Bringing these corporations to justice was not the work of one heroic individual, nor the result of government action. It was a collective effort that involved NGOs, scientists, academics, politicians, the media and the general public. This was a victory of civil society and democratic dissent.

So, we can reformulate our proposal: “Bad ethics is good business … unless you get caught … and as long as you aren’t the subject of a public outcry”.

Democratic business ethics

When corporations speak of business ethics their idea is that they can keep it all in house. The ethics of business is largely seen as a matter of corporate self-regulation so that pesky outsiders won’t stick their noses into corporate affairs. The September scandals suggest an entirely different ethics.

If we want ethics in business, what we need is more corporations being caught and more public outcry. For business ethics to be effective they must be pushed onto corporations against their will. Business ethics is democratic, not corporate.

What we can learn from the business events of September is that ethics cannot be left to corporations themselves. Business ethics requires a vigilant democracy where the public and its institutions will hold corporations to account for their actions.

Business ethics, to borrow a phrase, is about keeping the bastards honest.





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Journal of Business Ethics #business #reviews

#business ethics

#

Journal of Business Ethics

ISSN: 0167-4544 (Print) 1573-0697 (Online)

Description

The Journal of Business Ethics publishes only original articles from a wide variety of methodological and disciplinary perspectives concerning ethical issues related to business that bring something new or unique to the discourse in their field. Contributors examine moral aspects of systems of production, consumption, marketing, advertising, social and economic accounting, labor relations, public relations and organizational behavior. In order to promote a dialogue between the various interested groups as much as possible, papers are presented in a style relatively free of specialist jargon.

From its inception the Journal has aimed to improve the human condition by providing a public forum for discussion and debate about ethical issues related to business.

The style and level of dialogue involve all who are interested in business ethics – the business community, universities, government agencies and consumer groups.

FT 50 – This journal is one of the 50 journals used by the Financial Times in compiling the prestigious Business School research rank

Thomson Reuters Journal Citation Reports® Ranking by Category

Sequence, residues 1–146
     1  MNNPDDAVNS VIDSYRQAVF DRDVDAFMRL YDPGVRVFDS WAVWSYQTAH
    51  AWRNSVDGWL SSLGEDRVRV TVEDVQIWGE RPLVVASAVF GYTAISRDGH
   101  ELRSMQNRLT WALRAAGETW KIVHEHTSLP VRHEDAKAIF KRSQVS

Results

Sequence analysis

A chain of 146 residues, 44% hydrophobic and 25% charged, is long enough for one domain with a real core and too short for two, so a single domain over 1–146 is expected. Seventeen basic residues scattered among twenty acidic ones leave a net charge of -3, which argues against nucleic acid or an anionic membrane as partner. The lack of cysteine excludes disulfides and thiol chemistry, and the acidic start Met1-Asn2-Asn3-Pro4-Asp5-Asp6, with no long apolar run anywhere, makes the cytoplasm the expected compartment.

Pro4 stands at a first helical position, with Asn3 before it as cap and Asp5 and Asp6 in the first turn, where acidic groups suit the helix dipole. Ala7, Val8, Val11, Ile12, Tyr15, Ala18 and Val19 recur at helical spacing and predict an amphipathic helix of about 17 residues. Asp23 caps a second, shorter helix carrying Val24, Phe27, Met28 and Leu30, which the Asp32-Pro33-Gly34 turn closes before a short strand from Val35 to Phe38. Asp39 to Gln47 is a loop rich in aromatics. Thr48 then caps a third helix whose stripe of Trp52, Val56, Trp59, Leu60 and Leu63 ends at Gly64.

– Ethics 8/52
– Business 47/120

Latest Articles

  • Impact Factor 1.837
  • Available 1982 – 2016
  • Volumes 137
  • Issues 668
  • Articles 7,517
  • Open Access 111 Articles




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Business ethics #business #applications

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Business ethics

I think being ethical would be an objective of most business orgnizations. It is undeniable that some firms may hold the idea that making profit is the most important goal, in this case they could sometime being unethical like giving workers very low wages or produce a lot of pollution. In this way, although the company may get high profit in a short period of time, thier reputation will be really bad and consumers might stop buying their products in the future.

Anglo American has recognised the importance of taking social responsibilty. I think this will be a opportunity of them. In my own prospective, if one company can not only obey the law but also treat most stakeholders equally, they will finally obtain a lot of benefits. For instance, if Anglo American have wonderful working conditions for their employees, they will easily recruit new workers will good skills due to their good reputation. If company can pay supplier on time they may easily to get a discount in the future.

Promise not break the law is just a really basic regulation for business today. Taking social responsibility and being ethical are become increasingly important for most company. Although there is no doubt that the cost of business will rise when they choose to being ethical, they will benefit from that in the near future.

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Business Ethics and Social Responsibility #business #franchise

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Business Ethics and Social Responsibility

Also See the Library’s Blog Related to Ethics and Social Responsibility